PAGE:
The National Pain Report has learned that Purdue Pharma — the maker of OxyContin — has sent the names of most of the 59 doctors in California it suspects of being risky prescribers of the painkiller to the California Medical Board.
The names of 49 physicians were sent to the Medical Board this week. A source at the Medical Board said it expects to receive more names of California physicians from the company by September 18th, which is the deadline Purdue was given by the board to comply with its request for the names of California physicians that the company considers to be excessive prescribers of OxyContin.
The LA Times broke a story last month that said Purdue had a data base of 1,800 physicians nationwide it considered to be risky prescribers of the drug. Two California State Senators, Ted Lieu and Mark DeSaulnier have been pressing Purdue to release the list.
Purdue maintains the list of so-called risky doctors was always available to law enforcement and state and federal health officials. It has not, however, been willing to release the names publicly.
“We developed our Abuse & Diversion Detection program referenced in the (LA Times) article to help identify potentially problematic prescribers and prevent promotion of our products to such prescribers,” the company said in a statement to National Pain Report.
“Many of the prescribers in California on Purdue’s list are already known or have been previously disclosed to law enforcement or regulatory authorities. We shared the list recently with California Medical Board officials as well as information on our program and ongoing efforts to reduce the misuse and abuse of OxyContin. We have historically and will continue to work with state authorities in California, and other states throughout the country, towards our common goal to reduce misuse and abuse of prescription pain medicines, such as OxyContin.”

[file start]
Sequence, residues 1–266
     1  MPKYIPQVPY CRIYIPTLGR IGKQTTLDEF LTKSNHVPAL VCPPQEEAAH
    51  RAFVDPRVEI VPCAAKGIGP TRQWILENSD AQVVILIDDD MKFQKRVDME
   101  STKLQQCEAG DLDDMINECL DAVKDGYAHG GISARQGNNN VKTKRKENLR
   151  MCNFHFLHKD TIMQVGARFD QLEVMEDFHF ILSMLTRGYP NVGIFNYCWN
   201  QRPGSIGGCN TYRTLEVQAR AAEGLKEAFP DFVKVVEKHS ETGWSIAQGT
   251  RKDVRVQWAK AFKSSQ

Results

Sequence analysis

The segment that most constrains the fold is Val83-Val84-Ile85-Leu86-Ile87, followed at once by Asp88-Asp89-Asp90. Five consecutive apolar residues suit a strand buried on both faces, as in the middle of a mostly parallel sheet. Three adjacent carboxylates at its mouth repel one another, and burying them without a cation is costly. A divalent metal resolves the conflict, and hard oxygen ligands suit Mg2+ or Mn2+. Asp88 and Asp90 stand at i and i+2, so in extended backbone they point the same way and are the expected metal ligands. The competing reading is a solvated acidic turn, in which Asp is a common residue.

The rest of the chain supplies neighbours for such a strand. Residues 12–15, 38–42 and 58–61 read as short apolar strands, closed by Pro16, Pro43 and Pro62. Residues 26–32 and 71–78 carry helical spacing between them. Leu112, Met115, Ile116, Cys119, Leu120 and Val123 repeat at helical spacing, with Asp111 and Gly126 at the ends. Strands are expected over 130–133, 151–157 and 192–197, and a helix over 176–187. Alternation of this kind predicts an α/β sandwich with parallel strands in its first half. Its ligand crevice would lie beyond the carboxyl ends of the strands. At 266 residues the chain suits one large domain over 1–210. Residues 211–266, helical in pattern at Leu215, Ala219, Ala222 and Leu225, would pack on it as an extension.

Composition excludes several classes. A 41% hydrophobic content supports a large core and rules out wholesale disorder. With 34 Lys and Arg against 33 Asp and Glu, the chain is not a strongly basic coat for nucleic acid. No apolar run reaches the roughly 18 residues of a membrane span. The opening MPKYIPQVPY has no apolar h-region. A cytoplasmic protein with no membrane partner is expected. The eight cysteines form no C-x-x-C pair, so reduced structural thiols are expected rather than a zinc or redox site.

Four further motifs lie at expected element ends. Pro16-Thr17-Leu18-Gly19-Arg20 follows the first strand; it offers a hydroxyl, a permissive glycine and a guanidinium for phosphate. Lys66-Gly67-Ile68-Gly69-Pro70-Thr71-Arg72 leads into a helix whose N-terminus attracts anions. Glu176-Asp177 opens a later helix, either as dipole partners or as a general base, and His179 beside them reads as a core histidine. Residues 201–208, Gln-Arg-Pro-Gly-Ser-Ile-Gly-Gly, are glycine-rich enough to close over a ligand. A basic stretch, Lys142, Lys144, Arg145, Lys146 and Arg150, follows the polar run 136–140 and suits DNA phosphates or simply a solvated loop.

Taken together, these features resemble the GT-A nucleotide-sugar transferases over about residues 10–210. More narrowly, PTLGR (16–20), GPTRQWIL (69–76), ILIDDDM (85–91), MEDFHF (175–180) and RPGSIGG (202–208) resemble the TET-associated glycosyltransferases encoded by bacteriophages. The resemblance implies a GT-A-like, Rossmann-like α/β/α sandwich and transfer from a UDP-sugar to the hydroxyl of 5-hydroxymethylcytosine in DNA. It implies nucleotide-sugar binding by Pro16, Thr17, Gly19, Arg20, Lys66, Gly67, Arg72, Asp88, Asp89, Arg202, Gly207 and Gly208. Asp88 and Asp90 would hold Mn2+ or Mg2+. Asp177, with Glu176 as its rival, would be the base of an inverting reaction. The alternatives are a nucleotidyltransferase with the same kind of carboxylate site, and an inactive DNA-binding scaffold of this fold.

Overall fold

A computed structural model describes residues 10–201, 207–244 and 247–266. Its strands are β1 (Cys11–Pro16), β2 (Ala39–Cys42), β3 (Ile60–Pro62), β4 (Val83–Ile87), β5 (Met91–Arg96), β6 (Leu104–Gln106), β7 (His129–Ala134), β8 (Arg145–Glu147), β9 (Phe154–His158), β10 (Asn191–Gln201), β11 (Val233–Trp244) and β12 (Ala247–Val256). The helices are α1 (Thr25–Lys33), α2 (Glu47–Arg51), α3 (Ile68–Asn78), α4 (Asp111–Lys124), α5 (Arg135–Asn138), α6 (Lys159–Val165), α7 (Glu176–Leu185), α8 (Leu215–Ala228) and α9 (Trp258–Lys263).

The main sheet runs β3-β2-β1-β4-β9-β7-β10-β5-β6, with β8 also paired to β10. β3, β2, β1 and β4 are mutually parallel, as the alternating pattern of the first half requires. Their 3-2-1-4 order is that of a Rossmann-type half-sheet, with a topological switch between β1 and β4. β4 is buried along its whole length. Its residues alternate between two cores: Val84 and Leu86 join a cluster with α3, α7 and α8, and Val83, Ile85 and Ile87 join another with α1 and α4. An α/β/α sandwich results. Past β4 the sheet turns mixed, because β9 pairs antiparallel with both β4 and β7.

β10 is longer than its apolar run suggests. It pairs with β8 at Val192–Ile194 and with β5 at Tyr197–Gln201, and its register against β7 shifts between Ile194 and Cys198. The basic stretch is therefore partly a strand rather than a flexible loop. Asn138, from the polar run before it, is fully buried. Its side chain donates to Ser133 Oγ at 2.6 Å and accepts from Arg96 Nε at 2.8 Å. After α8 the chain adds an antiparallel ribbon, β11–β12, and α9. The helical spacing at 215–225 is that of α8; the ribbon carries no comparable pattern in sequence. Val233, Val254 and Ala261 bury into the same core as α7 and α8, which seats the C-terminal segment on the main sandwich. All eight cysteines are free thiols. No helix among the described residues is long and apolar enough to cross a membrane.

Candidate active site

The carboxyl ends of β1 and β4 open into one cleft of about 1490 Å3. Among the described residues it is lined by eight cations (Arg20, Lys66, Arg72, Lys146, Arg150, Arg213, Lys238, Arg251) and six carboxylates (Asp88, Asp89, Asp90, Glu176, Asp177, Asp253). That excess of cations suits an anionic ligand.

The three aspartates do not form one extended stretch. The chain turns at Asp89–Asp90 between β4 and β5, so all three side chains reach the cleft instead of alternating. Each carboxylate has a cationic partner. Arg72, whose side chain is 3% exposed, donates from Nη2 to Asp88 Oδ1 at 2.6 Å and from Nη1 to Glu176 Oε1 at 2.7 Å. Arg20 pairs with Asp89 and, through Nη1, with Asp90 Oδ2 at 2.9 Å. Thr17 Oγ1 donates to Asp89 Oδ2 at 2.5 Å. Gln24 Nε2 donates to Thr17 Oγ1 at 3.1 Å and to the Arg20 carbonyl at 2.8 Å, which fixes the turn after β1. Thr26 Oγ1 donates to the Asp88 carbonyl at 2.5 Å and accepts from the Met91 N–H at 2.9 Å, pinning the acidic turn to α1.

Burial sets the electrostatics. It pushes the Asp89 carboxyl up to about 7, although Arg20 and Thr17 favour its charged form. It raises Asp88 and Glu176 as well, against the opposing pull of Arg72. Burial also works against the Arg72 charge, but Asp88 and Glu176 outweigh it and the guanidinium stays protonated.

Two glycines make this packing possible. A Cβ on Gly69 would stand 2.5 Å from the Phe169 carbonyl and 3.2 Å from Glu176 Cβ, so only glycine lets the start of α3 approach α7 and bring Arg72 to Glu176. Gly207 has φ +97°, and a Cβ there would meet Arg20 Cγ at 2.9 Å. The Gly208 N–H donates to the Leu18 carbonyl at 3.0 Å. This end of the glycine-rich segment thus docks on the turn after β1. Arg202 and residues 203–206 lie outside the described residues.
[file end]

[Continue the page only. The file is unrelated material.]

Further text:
Since OxyContin was first introduced in 1996, Purdue Pharma it has generated more than $27 billion dollars in sales revenue for the company. In 2007, several company executives pleaded guilty to a felony count of misbranding OxyContin, by playing down its addictive and abusive side effects. The company and its executives were fined $634 million.
It’s not exactly clear what the Medical Board will do with the list, although it appears that the Board has been more aggressive recently in identifying doctors who are suspected of over-prescribing pain medication.
The FDA has also been taking action on pain medications. It announced on September 10 that it is going to toughen the prescription guidelines for OxyContin and other extended release opiods.
The Centers for Disease Control has been active in this debate, citing “a growing, deadly epidemic of prescription painkiller abuse.”
Nearly three out of four prescription drug overdoses are caused by prescription painkillers. The unprecedented rise in drug overdose deaths parallels a 300% increase since 1999 in the sale of these strong painkillers. The CDC says more people are dying from painkiller overdoses than cocaine and heroin combined.
In 2010, the latest year for which they have data, the CDC estimates that more than 12 million Americans reported using prescription painkillers for nonmedical reason.